[box cover]

An Everlasting Piece

One's first passing thought on reading the title of Barry Levinson's film An Everlasting Piece might be that no director in his right mind should set up such an easy joke for reviewers with gutter-minds. Fortunately, Levinson's film isn't bad enough to take advantage of the obvious straight line. Unfortunately, it's not all that great, either. Barry McEvoy wrote and stars in this comedy about two Belfast barbers in the 1980s, one Catholic and one Protestant (McEvoy, Brian F. O'Byrne). After meeting on the job — cutting hair in an insane asylum — they quickly decide to go into business together as wig salesmen, cornering the Belfast toupee market. Soon they find themselves competing with rival wig salesmen to keep their territory, have run-ins with terrorists and wig-stealing dogs, and McEvoy has to decide whether to take an order for 30 hairpieces from the IRA at the expense of his friendship with O'Byrne. All of this is supposed to be charming and gently wacky in the vein of The Full Monty, The Commitments, or Waking Ned Divine, but the film feels curiously flat. Perhaps it's the fault of the director — Levinson's best works have all been small, personal films that seem to dig to varying degrees into his own life experiences (Diner, Avalon, Liberty Heights) while his worst films have suffered from a lack of connection to the material at hand (Toys, Jimmy Hollywood, Sphere). An Everlasting Piece falls somewhere in the middle, leaving the viewer feeling like it might have been a very good film, perhaps, if something had been different — if, perhaps, Levinson had some personal experience with the troubles in Northern Ireland in the '80s, rather than his extensive experience with suburban life in Baltimore in the '60s. Whatever it is that's lacking, the movie tries very hard to be likeable and art house-ish, but falls short of the mark. Too bad, because the actors are charming, Hans Zimmer's score is delightful, Seamus Deasy's cinematography is gorgeous, and the subject matter is worthy of further, better exploration. DreamWorks' DVD release of An Everlasting Piece offers a beautiful anamorphic transfer (1.85:1) with DTS 5.1 and Dolby Digital 5.1 audio. Theatrical trailer, keep-case.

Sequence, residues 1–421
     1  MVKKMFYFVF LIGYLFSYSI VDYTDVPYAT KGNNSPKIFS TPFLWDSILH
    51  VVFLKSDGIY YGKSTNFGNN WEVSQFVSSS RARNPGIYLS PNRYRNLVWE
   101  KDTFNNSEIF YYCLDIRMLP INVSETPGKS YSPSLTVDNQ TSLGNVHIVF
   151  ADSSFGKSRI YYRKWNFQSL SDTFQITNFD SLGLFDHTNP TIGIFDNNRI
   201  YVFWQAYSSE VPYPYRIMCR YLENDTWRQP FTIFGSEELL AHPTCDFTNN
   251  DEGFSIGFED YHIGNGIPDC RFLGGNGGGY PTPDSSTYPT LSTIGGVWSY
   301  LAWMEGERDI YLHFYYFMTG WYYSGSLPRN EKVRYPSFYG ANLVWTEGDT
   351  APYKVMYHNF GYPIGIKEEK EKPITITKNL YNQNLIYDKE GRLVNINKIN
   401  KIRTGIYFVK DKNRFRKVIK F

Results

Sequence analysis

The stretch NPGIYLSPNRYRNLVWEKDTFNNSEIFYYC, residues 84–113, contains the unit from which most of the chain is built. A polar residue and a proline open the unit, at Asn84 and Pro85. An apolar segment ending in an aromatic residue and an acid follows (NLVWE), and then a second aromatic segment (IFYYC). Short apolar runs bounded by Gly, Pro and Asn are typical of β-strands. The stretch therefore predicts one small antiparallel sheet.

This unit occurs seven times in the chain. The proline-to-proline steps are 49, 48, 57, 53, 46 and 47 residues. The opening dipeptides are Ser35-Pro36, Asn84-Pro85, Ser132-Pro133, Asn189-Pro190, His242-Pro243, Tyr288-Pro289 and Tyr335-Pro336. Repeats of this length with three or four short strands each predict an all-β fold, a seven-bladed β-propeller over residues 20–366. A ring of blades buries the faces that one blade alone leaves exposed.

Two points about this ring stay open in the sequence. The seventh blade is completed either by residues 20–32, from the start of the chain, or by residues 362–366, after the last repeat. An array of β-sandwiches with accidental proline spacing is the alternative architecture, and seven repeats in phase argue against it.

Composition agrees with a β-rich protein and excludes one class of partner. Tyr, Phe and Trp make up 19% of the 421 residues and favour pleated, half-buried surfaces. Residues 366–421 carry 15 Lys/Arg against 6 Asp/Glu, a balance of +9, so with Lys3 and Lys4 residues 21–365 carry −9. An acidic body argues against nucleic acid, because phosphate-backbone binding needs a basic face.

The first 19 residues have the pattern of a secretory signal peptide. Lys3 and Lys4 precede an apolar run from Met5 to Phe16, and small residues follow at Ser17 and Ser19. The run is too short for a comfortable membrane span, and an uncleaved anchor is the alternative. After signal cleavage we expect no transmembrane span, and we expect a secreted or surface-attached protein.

—Dawn Taylor

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